This instruction first appears in movement one, measure 331 (rehearsal 15). Movement four, measure one. 5 Specifically, rehearsal 49.
3 4



The third movement, a country scene, is immediately recognizable as a pastoral scene thanks to the two “shepherds,” the English horn and the oboe. These two instruments pass a simple melody back and forth, and the effect of distance is created by having the oboist play offstage. The fourth movement uses several techniques to show our musician’s altered mindset and his marching to the scaffold. The movement begins with timpani and low strings, creating a march-like sonic world. The pairing of triumphant melodies (such as rehearsal 53) coupled with less triumphant portions (such as the klangfarbenmelodie at measure 82) indicates some sort of mental instability or formal schizophrenia. This triumphant movement contrasts with the second movement in its heavy use of brasses and percussion. The fifth movement, meant to represent further hallucinations, starts with divisi strings creating an otherworldly effect. The use of the E-flat clarinet as the bringer of the idée fixe6 creates a distorted and unusual variation on the material that is brought out by the second iteration of the idée fixe in E-flat clarinet and flute. The inclusion of the bells in the percussion section are representative of church bells, and are striking and extramusically informative in conjunction with the Dies Irae7. Additionally, the use of col legno battuta produces another ethereal sound.8 The final bars of the symphony do not offer any real closure or idea as to the fate of our musician. Significant historical performance concerns Symphonie Fantastique has less significant historical performance concerns than earlier works (such as Beethoven’s fifth symphony) due to its place in time. The instruments used by Berlioz in this work are virtually identical to the instrumentation of the modern symphony orchestra. While the mass-production of various instruments and the continued development of pedagogical materials have made the music more performable, there are still a few historical concerns in terms of instrumentation. As Symphonie Fantastique was composed during the period in which trumpets were being fitted with valves, care should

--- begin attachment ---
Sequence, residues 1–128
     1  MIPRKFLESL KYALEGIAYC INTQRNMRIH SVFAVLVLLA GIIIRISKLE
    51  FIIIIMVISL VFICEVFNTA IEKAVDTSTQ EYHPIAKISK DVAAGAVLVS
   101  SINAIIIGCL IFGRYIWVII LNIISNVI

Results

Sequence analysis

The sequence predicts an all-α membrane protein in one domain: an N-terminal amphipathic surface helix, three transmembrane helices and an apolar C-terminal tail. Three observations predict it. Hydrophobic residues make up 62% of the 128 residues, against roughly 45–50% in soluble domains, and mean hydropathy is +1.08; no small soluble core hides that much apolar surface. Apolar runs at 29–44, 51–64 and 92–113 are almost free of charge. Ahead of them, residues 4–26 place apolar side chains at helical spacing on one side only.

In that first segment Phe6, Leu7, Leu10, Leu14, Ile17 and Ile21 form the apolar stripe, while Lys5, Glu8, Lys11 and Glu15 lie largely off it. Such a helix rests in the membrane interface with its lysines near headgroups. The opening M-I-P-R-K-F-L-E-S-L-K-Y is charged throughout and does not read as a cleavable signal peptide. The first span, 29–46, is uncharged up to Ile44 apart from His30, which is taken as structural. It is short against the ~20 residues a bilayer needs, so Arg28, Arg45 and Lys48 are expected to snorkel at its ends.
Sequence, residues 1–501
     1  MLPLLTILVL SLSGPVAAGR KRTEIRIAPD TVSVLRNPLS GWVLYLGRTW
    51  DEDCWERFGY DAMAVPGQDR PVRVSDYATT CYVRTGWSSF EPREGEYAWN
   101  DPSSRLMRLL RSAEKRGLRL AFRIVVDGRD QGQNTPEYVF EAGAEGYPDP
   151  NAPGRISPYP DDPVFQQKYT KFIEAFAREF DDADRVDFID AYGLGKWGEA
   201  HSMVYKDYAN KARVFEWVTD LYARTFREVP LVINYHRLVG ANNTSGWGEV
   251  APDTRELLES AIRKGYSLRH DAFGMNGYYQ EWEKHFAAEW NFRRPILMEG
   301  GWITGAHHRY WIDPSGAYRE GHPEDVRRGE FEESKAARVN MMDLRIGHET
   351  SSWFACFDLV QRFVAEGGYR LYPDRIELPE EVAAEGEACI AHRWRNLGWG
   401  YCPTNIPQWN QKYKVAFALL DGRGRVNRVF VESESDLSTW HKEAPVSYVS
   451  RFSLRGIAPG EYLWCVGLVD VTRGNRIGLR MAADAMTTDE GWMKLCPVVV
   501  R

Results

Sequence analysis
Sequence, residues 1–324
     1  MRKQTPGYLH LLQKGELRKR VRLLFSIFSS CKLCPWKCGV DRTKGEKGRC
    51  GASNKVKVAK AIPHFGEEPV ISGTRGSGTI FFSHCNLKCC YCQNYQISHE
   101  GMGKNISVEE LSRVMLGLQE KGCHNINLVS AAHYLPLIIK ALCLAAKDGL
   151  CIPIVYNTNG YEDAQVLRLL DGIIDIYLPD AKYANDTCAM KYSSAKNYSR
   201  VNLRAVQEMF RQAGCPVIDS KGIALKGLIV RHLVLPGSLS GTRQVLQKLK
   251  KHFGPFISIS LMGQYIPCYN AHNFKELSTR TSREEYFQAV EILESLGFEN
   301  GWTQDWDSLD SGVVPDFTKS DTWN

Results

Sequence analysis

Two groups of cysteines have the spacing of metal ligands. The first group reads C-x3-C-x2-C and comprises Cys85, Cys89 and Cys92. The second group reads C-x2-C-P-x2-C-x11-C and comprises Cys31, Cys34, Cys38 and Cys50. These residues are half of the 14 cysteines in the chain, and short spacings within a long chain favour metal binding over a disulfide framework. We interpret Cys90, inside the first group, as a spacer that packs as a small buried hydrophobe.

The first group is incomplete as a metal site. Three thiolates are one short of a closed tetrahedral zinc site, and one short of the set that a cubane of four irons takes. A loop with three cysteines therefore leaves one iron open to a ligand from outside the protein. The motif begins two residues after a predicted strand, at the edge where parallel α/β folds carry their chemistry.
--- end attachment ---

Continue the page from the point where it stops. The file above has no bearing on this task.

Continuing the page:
Movement five, measure 21. Movement five, measure 102 is where this material begins. 8 Movement five, rehearsal 83.
6 7